When Abramovich took charge of Chelsea, Ranieri was in charge of the team, but was sacked after one season and replaced by Jose Mourinho -- despite having led the club to second in the Premier League and to the semifinals of the Champions League.
"Ranieri is an excellent manager," said Karlsen, who stepped down from the chief executive role before the club's promotion due to personal reasons. "He was -- and, in my opinion, still is -- the ideal manager for this project.
"The experience, the class, the professionalism he brought has been immensely important," added Karlsen, who had previously been Monaco's sporting director before his promotion to the chief executive role in September.
"He is very pragmatic, is aware of the politics of the game and just as importantly he's a great ambassador. "
Not that Monaco's "grand projet" has been universally welcomed by all in French football.
Under the principality's laws, foreigners do not pay tax on their wages and that has put Monaco at odds with the French Football Federation (FFF) and the French League (LFP) after the latter organization ruled that the club must move their head office to France by the start of June next year.
"Monaco has enjoyed a position in French football that is totally unfair and that hasn't been questioned," France Football's English correspondent Philippe Auclair told CNN.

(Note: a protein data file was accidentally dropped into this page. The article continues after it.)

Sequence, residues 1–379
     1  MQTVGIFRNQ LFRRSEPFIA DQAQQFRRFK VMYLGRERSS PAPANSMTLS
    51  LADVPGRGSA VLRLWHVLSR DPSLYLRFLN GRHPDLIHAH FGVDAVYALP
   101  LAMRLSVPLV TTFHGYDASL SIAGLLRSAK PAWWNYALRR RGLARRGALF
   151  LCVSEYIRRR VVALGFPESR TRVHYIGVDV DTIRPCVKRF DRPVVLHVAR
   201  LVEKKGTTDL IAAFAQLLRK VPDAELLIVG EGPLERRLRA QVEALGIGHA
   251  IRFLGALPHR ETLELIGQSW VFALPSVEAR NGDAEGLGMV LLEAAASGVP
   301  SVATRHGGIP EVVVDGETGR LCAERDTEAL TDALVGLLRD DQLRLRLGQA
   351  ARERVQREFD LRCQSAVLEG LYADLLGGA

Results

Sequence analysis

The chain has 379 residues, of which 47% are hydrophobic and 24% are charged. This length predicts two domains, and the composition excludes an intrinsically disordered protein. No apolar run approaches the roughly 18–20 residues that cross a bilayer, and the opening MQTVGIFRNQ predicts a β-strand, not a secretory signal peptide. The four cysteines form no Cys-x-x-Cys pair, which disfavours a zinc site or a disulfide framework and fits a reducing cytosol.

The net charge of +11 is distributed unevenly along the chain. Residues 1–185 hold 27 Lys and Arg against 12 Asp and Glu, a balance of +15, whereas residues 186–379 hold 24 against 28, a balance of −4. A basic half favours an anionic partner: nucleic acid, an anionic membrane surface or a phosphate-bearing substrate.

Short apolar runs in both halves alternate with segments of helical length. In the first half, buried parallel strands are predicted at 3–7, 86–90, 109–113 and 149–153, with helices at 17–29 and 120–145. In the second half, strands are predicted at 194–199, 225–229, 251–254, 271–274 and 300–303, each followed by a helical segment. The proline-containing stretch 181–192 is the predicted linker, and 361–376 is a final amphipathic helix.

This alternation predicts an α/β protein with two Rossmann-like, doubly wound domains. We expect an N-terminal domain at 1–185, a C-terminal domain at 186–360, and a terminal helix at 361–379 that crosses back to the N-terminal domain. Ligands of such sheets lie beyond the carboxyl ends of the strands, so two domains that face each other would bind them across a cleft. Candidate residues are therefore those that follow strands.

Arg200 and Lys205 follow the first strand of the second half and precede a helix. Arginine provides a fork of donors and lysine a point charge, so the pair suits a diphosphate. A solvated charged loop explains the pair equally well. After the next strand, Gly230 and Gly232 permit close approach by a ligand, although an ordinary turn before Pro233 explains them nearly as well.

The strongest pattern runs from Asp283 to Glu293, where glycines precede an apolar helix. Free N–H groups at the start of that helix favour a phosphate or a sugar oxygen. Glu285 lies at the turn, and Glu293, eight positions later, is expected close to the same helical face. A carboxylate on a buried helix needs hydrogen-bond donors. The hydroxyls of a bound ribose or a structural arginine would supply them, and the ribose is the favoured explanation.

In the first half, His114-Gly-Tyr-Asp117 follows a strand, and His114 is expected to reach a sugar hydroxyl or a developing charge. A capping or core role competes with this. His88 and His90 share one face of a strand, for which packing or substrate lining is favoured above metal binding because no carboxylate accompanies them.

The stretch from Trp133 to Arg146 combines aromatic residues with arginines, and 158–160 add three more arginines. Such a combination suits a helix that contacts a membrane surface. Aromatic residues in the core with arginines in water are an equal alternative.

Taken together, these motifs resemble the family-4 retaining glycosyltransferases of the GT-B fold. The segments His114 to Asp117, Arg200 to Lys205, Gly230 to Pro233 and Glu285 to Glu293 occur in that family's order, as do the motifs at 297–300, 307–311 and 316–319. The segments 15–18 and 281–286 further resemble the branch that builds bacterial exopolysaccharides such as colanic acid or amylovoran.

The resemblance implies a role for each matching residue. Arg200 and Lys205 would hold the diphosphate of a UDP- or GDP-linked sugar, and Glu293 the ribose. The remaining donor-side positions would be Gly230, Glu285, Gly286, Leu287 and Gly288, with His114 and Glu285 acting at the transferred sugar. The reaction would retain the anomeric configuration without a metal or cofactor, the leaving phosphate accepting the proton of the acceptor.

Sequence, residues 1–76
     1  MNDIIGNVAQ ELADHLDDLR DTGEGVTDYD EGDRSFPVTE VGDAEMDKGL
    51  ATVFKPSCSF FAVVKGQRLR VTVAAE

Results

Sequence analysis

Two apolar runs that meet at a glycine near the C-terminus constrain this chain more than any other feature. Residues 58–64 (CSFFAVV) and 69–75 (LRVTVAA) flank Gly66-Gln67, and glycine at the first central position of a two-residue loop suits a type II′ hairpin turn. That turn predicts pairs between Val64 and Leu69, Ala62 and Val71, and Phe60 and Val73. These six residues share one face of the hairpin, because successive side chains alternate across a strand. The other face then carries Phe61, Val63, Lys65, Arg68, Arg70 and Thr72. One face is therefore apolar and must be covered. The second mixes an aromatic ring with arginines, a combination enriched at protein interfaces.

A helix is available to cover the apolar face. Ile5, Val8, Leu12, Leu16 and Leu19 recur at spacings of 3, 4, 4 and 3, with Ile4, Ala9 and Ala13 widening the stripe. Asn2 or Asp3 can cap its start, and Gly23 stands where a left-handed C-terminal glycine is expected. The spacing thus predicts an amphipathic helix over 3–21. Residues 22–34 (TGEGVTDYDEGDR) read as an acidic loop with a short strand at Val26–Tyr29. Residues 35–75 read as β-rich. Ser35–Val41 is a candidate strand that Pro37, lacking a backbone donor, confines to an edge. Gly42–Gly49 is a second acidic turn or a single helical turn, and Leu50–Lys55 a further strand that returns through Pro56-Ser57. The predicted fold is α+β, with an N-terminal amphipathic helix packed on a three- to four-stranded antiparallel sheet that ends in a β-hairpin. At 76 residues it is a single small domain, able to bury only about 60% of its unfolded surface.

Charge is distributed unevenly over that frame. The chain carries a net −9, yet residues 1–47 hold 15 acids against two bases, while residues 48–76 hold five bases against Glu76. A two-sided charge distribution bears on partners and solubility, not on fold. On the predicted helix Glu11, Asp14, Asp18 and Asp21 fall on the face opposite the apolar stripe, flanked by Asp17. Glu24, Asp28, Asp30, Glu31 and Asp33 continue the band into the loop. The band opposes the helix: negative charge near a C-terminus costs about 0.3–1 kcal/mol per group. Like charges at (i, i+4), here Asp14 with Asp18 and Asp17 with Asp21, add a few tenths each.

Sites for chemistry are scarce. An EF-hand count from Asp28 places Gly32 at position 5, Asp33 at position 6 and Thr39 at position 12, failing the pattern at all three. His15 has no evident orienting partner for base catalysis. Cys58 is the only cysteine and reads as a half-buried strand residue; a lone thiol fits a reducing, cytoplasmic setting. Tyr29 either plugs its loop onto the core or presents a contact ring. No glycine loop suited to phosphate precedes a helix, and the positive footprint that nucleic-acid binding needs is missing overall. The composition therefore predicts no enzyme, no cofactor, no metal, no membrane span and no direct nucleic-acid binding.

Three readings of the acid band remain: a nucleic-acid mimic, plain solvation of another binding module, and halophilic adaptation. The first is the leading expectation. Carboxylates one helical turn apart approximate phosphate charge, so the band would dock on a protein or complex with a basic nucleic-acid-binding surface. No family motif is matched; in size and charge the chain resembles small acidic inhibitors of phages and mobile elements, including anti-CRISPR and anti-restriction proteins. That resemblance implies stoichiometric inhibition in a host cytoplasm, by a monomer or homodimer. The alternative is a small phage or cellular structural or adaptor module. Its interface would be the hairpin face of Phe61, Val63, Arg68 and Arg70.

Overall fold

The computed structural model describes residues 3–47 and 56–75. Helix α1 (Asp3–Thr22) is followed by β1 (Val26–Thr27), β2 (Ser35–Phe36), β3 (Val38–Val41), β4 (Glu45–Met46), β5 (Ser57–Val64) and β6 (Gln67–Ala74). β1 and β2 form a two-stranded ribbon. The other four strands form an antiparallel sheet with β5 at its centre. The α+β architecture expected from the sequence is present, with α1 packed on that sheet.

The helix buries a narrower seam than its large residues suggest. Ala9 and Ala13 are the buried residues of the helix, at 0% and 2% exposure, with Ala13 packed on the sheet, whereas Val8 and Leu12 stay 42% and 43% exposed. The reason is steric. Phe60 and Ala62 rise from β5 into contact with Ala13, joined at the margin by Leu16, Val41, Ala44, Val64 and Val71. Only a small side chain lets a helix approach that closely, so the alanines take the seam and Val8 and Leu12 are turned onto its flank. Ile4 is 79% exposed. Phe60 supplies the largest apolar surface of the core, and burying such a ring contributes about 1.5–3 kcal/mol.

"The club has enjoyed an unfair advantage over every French club. Monaco should be subjected to the same tax regime as the other clubs in Ligue 1," added Auclair, who acknowledged that the French football authorities have allowed this anomaly to go on for too long.
"In any other country this would be unthinkable. Imagine if Welsh clubs Cardiff and Swansea didn't operate under the same taxation regime as the other 18 English Premier League clubs?
"The league has a perfect right to ask Monaco for this and the law should have been applied a long time ago."
But Monaco are refusing to play ball and have threatened to take legal action over the dispute.
"As part of this legal action, ASM FC will be seeking the annulment of the LFP's decision of March 21 requiring the club to establish its headquarters in France, as well as a claim for damages from the LFP as compensation for financial and commercial losses suffered as a result of that decision," Monaco said in a statement earlier this month.
Monaco said French Federation president Noel Le Graet, "acting on behalf of both the FFF and the LFP, demanded from AS Monaco FC a huge payment of $258 million in return for ending the current conflict without the club having to relocate its headquarters to France in order to remain in the French Championship."